A second round of bidding in the reverse auction will kick off Sept. 13, the FCC said, to start stage two of the incentive auction of 600 MHz airwaves.
The Commission will lower the clearing target of TV broadcasters’ spectrum to 114 MHz, down from the maximum 126 MHz it initially established in April. The reverse auction will pick up where it left off, with broadcasters establishing prices for their spectrum, and then the FCC will again accept bids from companies looking to put those airwaves to use for wireless services in a second forward auction.
The first stage was ended earlier this week after bidders offered up only $23 billion for the spectrum through 27 rounds. That figure was far short of the $88.4 billion needed to end the event after a single round, prompting TV broadcasters to question the “modest participation” of wireless service providers that have claimed additional spectrum is crucial to serve ever-increasing consumption of mobile data.
The timing of the second round is mixed news for smaller mobile service providers concerned about their ability to participate during two industry conferences in September. The Rural Wireless Association and the Rural Broadband Association had filed an informal request urging the Commission to shelve bidding action for six days in September during CTIA’s Super Mobility show next week and another conference for rural service providers from Sept. 26-28. The FCC denied the request.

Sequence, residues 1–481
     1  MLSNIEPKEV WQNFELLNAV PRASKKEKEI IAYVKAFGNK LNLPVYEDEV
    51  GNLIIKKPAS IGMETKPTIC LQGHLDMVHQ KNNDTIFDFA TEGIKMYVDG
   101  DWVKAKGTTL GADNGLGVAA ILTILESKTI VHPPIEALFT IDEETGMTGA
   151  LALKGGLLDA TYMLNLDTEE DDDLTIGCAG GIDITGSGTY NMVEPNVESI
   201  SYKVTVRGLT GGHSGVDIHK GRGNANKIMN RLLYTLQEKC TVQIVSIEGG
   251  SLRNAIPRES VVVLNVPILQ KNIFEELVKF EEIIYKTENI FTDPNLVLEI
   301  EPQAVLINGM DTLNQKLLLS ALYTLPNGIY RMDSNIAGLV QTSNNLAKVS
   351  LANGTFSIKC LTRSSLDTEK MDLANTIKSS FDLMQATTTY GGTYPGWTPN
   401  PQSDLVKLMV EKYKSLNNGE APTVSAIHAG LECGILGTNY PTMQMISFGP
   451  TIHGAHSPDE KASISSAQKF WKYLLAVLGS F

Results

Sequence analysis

Many uncertainties remain after the first stage of the auction, and analysts say the sluggish initial stage doesn’t necessarily mean there’s little demand for the spectrum. Indeed, the sudden slowdown in bidding activity may be an indication that participants slowed their pursuit of the airwaves knowing that a second round – and maybe a third and fourth – would be inevitable. And while the FCC doesn’t disclose which company makes which bids, it’s certainly possible that future rounds might see increased participation from a player like Dish Network or Comcast looking to jump into the wireless industry.
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